Tom Johnson, PhD
Title/s: Clinical Assistant Professor
Office #: 124A CFSU
Tom Johnson is a clinical assistant professor in Engineering with a specialization in the field of Biomedical Engineering. Dr. Johnson received a Bachelor of Science degree in Mechanical Engineering from the University of Kentucky, a Master of Science degree in Biomechanical Engineering from the University of Cincinnati and a Ph.D. degree in Mechanical Engineering from the University of Illinois-Chicago. Dr. Johnson's engineering career spans 3 industries over 28 years with primary achievements in developing and commercializing new products. Before joining Loyola Chicago, her most recently worked at AbbVie, Inc. in the Science & Technology-Combination Products Group. Prior to that, he held various positions in Manufacturing and R&D at Motorola, Baxter Healthcare and Hospira.
Dr. Johnson's primary research interests are in microfluidics and multi-physics modeling. MEMS-based fluidic systems have been underutilized in new medical device products. A barricade to entry for such current microfluidic devices is that the mechanical performance of these devices is not sufficient for most practical applications. The need to appropriately modify the mechanical characteristics of these microscale devices is needed. For the past 10 years, a focus of his research has been in investigating alternative materials that can be fabricated at such scales and achieve such performance.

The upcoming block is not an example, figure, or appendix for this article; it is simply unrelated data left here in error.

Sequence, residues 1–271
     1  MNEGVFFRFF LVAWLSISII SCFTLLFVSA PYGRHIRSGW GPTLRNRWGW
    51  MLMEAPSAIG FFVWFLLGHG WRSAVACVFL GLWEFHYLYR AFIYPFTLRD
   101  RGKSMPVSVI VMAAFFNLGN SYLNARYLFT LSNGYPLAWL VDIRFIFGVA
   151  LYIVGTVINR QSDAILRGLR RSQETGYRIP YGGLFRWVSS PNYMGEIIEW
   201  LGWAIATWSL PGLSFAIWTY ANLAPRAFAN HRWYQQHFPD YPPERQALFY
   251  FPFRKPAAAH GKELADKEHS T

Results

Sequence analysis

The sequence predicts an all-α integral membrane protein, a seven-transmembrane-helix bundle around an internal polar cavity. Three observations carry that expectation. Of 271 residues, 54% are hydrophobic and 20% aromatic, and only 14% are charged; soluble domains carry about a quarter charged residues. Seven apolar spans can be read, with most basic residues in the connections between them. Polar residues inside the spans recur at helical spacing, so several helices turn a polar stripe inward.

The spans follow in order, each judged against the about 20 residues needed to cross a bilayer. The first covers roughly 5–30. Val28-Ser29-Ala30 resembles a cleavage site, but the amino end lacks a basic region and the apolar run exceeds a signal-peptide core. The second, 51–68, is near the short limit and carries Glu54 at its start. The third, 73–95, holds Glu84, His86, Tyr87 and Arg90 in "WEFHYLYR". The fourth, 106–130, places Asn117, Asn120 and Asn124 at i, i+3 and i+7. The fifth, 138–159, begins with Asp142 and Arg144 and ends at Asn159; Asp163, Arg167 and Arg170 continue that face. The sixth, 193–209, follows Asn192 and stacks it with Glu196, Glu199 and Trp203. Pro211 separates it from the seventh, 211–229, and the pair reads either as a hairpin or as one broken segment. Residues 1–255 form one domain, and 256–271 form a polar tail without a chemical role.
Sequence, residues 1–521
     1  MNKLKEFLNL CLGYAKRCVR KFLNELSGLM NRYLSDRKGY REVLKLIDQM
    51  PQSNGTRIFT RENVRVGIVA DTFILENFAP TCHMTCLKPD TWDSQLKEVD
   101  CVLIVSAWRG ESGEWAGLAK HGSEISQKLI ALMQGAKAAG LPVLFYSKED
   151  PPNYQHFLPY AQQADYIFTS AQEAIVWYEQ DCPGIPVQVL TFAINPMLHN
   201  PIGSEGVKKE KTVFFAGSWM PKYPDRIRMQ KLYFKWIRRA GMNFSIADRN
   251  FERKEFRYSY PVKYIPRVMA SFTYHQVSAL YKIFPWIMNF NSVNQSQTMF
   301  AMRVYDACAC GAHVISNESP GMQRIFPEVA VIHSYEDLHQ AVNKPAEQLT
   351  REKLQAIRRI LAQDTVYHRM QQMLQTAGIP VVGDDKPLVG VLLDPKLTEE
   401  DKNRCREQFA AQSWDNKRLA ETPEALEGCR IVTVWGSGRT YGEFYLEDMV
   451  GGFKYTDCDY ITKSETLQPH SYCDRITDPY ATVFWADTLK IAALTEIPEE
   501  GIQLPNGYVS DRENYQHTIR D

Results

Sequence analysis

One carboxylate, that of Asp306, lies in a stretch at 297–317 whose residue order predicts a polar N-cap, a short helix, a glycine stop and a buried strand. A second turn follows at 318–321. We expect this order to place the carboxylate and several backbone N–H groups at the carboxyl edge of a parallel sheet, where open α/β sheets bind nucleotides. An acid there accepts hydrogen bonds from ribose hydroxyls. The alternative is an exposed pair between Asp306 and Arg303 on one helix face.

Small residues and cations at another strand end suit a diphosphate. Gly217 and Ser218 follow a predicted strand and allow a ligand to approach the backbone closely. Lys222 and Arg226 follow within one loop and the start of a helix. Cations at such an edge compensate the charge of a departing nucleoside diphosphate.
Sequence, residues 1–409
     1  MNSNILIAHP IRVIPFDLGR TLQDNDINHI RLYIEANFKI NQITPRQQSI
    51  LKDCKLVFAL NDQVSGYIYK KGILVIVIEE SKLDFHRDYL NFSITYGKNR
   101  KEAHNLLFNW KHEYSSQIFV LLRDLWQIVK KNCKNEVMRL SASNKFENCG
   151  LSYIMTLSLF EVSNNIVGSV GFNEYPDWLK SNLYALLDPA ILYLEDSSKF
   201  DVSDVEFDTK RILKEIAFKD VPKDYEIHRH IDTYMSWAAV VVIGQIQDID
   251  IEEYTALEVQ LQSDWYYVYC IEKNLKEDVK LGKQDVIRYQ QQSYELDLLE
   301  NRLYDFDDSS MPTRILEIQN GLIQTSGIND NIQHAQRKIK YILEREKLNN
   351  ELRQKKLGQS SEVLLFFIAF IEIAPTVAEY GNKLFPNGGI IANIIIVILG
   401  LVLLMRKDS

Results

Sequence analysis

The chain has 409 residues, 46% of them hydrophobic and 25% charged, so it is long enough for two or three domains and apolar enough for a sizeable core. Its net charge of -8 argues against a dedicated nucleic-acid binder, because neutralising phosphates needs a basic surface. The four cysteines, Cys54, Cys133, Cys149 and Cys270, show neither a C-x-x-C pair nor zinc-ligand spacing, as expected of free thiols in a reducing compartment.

- Johnson, T., et al. "Current micropump technologies and their biomedical applications." Microsystem Technologies, pub: Springer Berlin/Heidelberg, vol. 15 number 5, May, 2009 p. 647-666
- Johnson, T., Amirouche, F., "Thermal Behavior of an Ionic Polymer Actuator for Microfluidic Control." Proceedings of the Microfluidics 2006 Conference, Toulouse, France Dec, 2006
- Johnson T., Amirouche, F., "Multiphysics modeling of an IPMC microfluidic control device." Microsystem Technologies, vol. 14 number 6, June, 2008 p. 871-879
- Automated point-of-care fluid testing device and method of using the same (US Patent 8,523,797) 2013
- Fluid flow rate compensation system using an integrated conductivity sensor to monitor tubing changes (US 8,858,185) 2014